Vending machines dispensing free clean syringes will be positioned in 3 locations in central Las Vegas by the end of May, in an effort to curb the rising number of infectious disease cases caused by sharing syringes. 

As well as 10 syringes, the kits in the machines will also include a tourniquet, a disposal container for used syringes, alcohol swabs, adhesive bandages, safe sex supplies and addiction treatment information. Similar vending machines have been in use in Holland, Germany, Italy and Australia in some cases for as long as 10 years.

“The debate over whether syringe exchanges are beneficial has long been settled,” said Daniel Raymond of the Harm Reduction Coalition, speaking to NBC news. “The issue now is more, what method is appropriate for my community?”

The Harm Reduction Center Trac-B Exchange is running the program, in collaboration with the Southern Nevada Health District and the Nevada AIDS Research and Education Society. 

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“People are already exchanging in these behaviors, and anytime someone’s engaging in a behavior that could cause them some potential health side effects, we want to encourage them to reduce their risk of harm,” said Chelsi Cheatom of Trac-B Exchange.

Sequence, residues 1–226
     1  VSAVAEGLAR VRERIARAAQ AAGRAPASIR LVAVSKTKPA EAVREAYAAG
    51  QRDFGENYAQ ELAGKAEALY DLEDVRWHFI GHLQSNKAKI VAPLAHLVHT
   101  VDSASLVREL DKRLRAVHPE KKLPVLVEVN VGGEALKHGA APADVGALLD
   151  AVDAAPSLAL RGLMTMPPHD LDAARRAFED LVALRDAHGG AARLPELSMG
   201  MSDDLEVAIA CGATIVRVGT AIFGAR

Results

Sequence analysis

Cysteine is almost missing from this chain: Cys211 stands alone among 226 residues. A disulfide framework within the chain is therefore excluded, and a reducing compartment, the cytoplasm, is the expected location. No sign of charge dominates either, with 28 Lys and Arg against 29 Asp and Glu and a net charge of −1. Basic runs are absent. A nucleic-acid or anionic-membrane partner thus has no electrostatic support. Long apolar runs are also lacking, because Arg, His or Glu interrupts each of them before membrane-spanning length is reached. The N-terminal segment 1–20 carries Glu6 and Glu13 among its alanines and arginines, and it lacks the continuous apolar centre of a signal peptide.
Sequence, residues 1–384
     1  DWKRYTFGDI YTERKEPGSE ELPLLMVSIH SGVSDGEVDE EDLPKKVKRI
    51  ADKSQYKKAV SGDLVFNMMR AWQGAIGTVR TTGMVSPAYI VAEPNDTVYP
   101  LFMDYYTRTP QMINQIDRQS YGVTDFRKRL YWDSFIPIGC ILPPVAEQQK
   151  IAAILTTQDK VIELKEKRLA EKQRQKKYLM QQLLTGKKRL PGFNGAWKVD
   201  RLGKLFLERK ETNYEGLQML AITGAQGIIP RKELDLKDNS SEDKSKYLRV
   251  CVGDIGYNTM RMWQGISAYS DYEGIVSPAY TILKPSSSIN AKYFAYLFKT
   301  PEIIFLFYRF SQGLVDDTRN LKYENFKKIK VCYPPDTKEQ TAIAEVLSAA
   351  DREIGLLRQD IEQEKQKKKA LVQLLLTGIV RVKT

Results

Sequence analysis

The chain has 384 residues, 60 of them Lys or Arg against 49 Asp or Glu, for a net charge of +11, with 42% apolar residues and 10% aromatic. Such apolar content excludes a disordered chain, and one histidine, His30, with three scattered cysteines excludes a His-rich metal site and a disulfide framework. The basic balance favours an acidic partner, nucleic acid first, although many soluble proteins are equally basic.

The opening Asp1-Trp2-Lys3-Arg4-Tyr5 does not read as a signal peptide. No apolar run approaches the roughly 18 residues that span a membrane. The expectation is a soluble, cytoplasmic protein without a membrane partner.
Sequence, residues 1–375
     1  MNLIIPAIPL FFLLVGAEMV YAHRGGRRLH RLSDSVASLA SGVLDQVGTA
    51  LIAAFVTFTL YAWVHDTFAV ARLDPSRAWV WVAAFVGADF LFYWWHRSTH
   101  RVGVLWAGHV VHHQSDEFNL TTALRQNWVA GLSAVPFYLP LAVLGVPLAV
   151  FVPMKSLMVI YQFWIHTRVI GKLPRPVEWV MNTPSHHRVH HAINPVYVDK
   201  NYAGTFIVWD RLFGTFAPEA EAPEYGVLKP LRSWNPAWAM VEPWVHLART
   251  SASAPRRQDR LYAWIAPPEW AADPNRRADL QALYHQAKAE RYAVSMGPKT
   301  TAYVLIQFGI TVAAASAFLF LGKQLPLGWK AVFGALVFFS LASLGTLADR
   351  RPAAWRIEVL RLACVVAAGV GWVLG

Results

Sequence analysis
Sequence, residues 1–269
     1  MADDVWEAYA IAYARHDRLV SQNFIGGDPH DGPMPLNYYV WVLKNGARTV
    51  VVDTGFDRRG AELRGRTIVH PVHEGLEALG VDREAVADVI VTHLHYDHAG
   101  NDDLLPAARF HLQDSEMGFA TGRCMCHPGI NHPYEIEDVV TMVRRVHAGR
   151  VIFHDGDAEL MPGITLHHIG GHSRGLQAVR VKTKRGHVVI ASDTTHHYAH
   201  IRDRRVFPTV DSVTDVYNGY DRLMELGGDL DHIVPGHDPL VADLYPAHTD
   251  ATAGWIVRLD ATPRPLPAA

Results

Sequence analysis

To use the machines, users will need to register with Trac-B Exchange at which point they will be given a card and a unique code. Each card holder will be allowed a maximum of two kits per week and there is no requirement to enroll in a recovery program to gain access, however the machines will be in locations were recovery services are provided.

Congress reacted to the increase in infectious diseases due to needle sharing—emphasized by the outbreak of HIV cases in rural Indiana—by ending a 3-decade long ban on public funding for needle exchange programs last January. 

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